Police beat: Swordsman returns, a running man, and no contact on the porch

Editor’s note: Compiled from reports to Tacoma police.

Nov. 2: The dispatch call reported a man brandishing two swords and threatening homeless people. It was 12:22 a.m.

An officer picked up the report and drove to the Tacoma Public Library at 1102 South Tacoma Ave. The man described in the report was unmistakable. He was 55, clad in a blue hospital gown. On the ground nearby was a sword and a black sheath.

The man shot his hands up as the patrol car approached. The officer cuffed him, and spoke to a witness, a homeless man who watched the arrest.

The man said he was sleeping in a tent by the library when the swordsman started shouting at him to come out. The man peeked out of the tent and saw the swordsman waving the blade.

The man said he was scared. The swordsman had shouted, “I’ll kill you!”

The man said he grabbed a pair of tent poles to defend himself, and told the swordsman to stay away.

The swordsman had threatened to call police, the man said, and started taunting other homeless people huddled in the area, trying to pick a fight.

The officer spoke to the swordsman, who said he understood his rights, and wanted an attorney. The officer asked no further questions. She told the swordsman he was under arrest for felony harassment, and added that the sword was illegal.

“I know,” the man said.

The officer recognized the man from a prior contact. He’d threatened people with the sword before. The officer booked him into the Pierce County Jail.

Nov. 2: The house was empty, and the officer knew it — he also knew the two people rummaging through boxes on the front porch weren’t supposed to be there.

The officer parked in front of the house. The people, a man and a woman, walked off the porch and tried to hide behind a parked car. The officer called out to them, and said, “Tacoma Police.”

The man looked nervous. He started walking away. The officer told him to come back.

What was he doing at the house?

The man said he was looking to grab a set of speakers on the porch. The officer asked for identification. The man gave a name.

Did the man have any arrest warrants?

The man flinched and turned away.

“Please don’t run,” the officer said.

The man ran. The officer followed, shouting at him to stop.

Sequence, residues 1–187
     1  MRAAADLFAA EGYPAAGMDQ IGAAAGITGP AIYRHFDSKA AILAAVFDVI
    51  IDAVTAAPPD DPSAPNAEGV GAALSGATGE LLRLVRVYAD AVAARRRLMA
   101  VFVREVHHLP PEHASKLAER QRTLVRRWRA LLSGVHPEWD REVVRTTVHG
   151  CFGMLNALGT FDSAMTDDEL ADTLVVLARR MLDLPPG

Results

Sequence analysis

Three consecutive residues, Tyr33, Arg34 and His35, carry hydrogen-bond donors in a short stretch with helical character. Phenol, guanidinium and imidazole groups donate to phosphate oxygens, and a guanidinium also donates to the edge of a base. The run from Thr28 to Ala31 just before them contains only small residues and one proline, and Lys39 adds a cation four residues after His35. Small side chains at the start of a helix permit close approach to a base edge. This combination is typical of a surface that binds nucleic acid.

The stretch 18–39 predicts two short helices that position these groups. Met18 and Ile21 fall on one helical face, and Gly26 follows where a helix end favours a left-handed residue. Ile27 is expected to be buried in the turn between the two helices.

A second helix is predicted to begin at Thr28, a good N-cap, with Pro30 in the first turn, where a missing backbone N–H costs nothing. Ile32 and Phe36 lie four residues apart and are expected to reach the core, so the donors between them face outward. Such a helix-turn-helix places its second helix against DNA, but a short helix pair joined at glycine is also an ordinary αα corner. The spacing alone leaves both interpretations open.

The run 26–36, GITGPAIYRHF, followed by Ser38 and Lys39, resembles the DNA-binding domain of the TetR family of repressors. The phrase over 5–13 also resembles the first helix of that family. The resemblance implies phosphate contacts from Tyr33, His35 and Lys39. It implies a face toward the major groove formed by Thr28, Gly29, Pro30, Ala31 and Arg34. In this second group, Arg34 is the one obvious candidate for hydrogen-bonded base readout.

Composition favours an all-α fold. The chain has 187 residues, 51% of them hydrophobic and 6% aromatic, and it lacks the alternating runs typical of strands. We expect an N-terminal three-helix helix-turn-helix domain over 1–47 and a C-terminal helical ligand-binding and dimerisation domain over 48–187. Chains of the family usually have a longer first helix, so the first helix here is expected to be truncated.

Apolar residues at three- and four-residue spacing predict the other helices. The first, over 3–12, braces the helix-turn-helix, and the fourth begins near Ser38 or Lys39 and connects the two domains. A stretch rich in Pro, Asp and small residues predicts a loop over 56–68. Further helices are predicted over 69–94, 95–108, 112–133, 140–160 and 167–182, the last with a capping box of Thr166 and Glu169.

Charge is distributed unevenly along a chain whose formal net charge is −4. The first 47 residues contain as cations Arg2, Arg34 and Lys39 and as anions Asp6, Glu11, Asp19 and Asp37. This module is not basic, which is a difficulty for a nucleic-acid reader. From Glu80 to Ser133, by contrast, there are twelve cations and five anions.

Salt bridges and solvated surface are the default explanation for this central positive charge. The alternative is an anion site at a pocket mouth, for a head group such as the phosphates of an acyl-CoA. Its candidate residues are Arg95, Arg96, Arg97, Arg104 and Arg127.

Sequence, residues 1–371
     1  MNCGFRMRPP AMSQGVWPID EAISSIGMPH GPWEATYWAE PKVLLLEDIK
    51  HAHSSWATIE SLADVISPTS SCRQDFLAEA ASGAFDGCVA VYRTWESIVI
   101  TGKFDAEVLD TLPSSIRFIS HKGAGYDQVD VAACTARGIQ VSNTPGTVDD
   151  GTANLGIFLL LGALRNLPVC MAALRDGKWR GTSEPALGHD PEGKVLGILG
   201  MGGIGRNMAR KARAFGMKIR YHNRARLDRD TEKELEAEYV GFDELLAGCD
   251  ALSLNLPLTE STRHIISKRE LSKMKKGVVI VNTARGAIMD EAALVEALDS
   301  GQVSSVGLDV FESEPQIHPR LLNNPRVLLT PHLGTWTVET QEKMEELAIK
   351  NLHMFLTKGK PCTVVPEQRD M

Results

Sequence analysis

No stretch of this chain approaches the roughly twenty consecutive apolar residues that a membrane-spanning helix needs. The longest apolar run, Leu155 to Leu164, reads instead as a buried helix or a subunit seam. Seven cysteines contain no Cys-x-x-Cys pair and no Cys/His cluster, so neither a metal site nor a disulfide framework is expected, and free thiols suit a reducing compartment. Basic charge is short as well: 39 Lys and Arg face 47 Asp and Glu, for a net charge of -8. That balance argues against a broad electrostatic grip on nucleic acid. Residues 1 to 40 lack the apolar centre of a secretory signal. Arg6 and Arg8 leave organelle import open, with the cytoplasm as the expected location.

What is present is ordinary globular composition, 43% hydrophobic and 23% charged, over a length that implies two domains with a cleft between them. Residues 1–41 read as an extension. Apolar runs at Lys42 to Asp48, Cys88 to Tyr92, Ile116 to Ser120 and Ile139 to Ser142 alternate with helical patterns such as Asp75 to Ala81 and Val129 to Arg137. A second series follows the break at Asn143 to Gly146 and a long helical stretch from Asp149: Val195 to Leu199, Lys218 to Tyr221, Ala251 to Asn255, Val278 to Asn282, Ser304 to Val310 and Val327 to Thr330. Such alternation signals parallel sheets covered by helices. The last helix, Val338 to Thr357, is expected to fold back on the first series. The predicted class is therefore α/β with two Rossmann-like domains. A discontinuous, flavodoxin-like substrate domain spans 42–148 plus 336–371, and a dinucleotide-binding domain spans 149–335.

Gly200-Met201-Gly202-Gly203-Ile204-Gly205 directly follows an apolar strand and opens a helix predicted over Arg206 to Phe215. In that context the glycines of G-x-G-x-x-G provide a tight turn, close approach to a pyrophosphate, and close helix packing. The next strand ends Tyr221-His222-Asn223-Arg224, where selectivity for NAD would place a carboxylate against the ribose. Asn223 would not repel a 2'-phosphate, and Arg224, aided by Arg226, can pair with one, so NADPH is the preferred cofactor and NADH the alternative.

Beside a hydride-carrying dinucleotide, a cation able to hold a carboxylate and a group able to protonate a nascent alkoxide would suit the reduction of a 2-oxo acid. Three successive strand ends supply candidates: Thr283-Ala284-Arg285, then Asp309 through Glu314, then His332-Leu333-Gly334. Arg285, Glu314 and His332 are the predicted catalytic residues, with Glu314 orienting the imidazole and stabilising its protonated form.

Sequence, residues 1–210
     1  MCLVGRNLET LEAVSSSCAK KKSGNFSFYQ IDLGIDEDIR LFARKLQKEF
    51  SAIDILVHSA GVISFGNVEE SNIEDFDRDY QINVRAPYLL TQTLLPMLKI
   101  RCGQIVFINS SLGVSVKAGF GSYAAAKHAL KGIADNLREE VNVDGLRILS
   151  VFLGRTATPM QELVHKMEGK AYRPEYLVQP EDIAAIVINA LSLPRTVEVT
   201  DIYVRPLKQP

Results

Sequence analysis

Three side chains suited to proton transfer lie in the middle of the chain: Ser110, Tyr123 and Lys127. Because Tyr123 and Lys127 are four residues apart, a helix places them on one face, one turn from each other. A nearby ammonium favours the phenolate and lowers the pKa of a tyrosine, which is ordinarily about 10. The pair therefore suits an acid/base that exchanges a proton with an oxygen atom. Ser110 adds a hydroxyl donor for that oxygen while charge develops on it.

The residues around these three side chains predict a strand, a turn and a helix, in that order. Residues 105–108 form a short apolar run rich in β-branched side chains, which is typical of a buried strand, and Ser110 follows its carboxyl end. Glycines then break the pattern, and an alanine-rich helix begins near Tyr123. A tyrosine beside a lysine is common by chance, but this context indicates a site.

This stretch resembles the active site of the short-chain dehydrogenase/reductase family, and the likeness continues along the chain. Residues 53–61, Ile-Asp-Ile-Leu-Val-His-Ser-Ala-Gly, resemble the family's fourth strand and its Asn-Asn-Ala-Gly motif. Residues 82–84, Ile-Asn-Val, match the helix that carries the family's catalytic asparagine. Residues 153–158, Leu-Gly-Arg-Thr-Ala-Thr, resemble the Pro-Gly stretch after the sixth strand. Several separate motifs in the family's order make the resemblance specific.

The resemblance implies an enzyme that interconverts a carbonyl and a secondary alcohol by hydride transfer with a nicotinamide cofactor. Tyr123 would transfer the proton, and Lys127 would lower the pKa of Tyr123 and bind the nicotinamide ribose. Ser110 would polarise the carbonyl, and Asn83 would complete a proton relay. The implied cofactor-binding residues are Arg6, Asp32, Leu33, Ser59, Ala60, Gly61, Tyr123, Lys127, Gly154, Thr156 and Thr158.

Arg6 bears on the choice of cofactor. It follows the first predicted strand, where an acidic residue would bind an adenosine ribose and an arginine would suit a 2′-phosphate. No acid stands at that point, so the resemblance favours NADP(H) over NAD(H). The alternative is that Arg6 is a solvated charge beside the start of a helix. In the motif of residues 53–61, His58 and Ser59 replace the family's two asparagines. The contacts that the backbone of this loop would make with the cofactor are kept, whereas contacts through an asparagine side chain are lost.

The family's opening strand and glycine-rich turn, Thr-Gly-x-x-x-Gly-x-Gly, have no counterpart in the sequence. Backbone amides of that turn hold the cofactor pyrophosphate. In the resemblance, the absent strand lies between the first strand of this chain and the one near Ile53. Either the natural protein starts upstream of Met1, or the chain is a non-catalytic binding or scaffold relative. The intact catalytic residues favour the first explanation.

The man didn’t. He reached into his pocket and pulled out something shiny and metallic. The officer pulled a stun gun and fired. The man fell on the grass.

The officer closed in, cuffed the man and checked his hand. The shiny object was a key.

A record check revealed the man had given a false name. He was 36, a felon, classified in police records as a career criminal.

Asked why he gave a false name and ran, the man said he panicked. The officer booked him into the Pierce County Jail on suspicion of obstructing a police officer.

Nov. 2: The dueling no-contact orders accomplished exactly what they were intended to prevent: plenty of contact, some of it physical.

An officer responding to a reporting domestic violence incident in the 4600 block of South Park Avenue unraveled the snarl. He found a 31-year-old woman outside the address who told half of a story.

The woman said she had a fight with her boyfriend a week earlier that led to his arrest. Today, she said, she’d gone to the courthouse to file a no-contact order against the boyfriend and his mother.

When she arrived, the mother was there, filling out her own no-contact order against the girlfriend. That started an argument that continued all the way back to the address on Park Avenue, where all three people lived.

The woman said she and the mother were arguing on the porch and the mother went inside and slammed the door. The woman said she hadn’t touched the mother.

The mother told a slightly different story. She was 54, sitting inside the house and crying. She said it was true that both women had been at the courthouse, and fought all the way home. It was true they argued on the porch, she said — but the girlfriend had “violently pushed” her, she said.

Officers spoke to the girlfriend’s mother, who also witnessed the argument. The second mother said her daughter didn’t do anything physical.

The boyfriend said he’d seen the incident, and added that his ex-girlfriend pushed his mother hard enough to knock her down.

A third witness, a neighbor who lived next door, said he saw the argument and saw the girlfriend push the mother.

The neighbor’s account settled it for the officer, who booked the girlfriend into the Pierce County Jail on suspicion of misdemeanor domestic violence.